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Research article2022Peer reviewedOpen access

Significance of phosphorus inclusions and discrete micron-sized grains of apatite in postglacial forest soils

Adediran, Gbotemi A.; Kielman-Schmitt, Melanie; Kooijman, Ellen; Gustafsson, Jon-Petter


Recent advances in soil phosphorus (P) studies have revealed unique P hot spots and discrete micron-sized grains at soil microsites, but the significance of these so-called 'hot spots' and grains in P cycling and long-term supply is yet to be determined. We examined soil particles and pore space distribution at a micro-scale in two postglacial forest soils by laser ablation ICP-MS imaging. This allowed us to semi-quantitatively reveal both axial and lateral abundance, distribution, and co-localization of P with elements known to influence its chemical speciation (e.g., Si, Al, Mn, Ca, and Fe). The results show topsoil P to be co-localised predominantly with Si, Al, and Fe. However, in the subsoils, P was co-localised mainly with Ca, Si, Al, and Mg in spots within Si and Al-bearing minerals and with only Ca in discrete micron-sized grains. While the spots of P-Ca inclusions were similar to 1000 mu m apart and present at 40-100 cm depth in Tarnsjo, the discrete grains of P-Ca were similar to 700-1200 mu m apart and present at 90-100 cm depth in Tonnersjoheden. The P concentrations in these 'hot spots' and grains were 7 to 600 times greater than the average soil P concentrations, with the highest values (3434-8716 mmol P kg(-1)) occurring in the C horizons of the two soils. When combined with previous P speciation results obtained by synchrotron P K-edge XANES in the same soils, our work confirms geogenic apatite to have been dissolved in the topsoil and its P transformed to P adsorbed by Al-Si and Fe phases, and to organic P. Most importantly, our work shows subsoil spots of P-Ca inclusions and micron-sized grains to be a long-term source of P and Ca. Highlights The significance of high-P spots and discrete grains to long-term P supply is largely unknown. For the first time, P concentration and speciation was resolved by LA-ICP-MS multi-elemental analysis. The P spots exist as dispersed apatite inclusions and micron-sized grains in the subsoil. P in these spots and grains were up to 600 times greater than the bulk soil P concentrations.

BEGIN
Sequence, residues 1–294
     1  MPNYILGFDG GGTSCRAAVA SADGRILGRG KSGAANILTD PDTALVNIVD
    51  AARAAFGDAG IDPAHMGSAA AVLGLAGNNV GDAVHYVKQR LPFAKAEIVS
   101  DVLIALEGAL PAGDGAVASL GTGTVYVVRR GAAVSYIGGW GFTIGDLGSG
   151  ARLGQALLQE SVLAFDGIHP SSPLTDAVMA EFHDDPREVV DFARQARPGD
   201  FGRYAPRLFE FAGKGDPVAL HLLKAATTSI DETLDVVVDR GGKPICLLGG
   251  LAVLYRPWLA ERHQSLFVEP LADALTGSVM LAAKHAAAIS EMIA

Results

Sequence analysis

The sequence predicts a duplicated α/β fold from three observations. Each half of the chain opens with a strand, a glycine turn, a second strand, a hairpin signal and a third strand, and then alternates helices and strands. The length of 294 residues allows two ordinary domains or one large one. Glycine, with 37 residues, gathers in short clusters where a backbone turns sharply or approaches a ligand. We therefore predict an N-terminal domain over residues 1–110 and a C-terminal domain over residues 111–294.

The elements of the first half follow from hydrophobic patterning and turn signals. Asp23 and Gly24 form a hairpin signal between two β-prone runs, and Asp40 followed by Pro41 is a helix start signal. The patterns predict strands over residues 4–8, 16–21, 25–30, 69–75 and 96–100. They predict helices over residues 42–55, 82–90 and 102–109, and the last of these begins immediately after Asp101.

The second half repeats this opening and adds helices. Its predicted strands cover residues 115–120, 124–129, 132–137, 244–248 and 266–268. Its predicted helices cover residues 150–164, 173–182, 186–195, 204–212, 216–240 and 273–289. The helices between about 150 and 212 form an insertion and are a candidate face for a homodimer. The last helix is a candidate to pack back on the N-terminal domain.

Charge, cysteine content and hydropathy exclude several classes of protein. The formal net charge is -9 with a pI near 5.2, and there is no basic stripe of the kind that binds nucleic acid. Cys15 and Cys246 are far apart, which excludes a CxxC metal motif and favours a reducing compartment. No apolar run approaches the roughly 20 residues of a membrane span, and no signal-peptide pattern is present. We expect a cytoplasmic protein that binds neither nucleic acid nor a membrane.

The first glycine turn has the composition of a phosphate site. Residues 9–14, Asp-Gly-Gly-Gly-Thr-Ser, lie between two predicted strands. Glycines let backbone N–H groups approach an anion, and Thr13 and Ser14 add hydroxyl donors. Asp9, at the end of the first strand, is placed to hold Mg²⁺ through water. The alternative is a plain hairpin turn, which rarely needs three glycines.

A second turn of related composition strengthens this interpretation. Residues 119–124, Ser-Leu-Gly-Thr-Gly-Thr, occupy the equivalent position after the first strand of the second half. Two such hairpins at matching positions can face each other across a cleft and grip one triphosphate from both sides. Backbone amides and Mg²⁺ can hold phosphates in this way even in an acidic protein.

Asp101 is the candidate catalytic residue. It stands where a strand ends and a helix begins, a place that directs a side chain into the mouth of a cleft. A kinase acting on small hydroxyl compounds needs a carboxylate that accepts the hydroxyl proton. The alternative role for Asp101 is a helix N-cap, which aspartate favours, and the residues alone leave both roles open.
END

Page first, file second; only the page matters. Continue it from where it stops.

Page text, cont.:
apatite inclusions; chemical speciation; discrete particles; elemental co-localizations; LA-ICP-MS imaging; phosphorus cycling

Published in

European Journal of Soil Science
2022, Volume: 73, number: 5, article number: e13310
Publisher: WILEY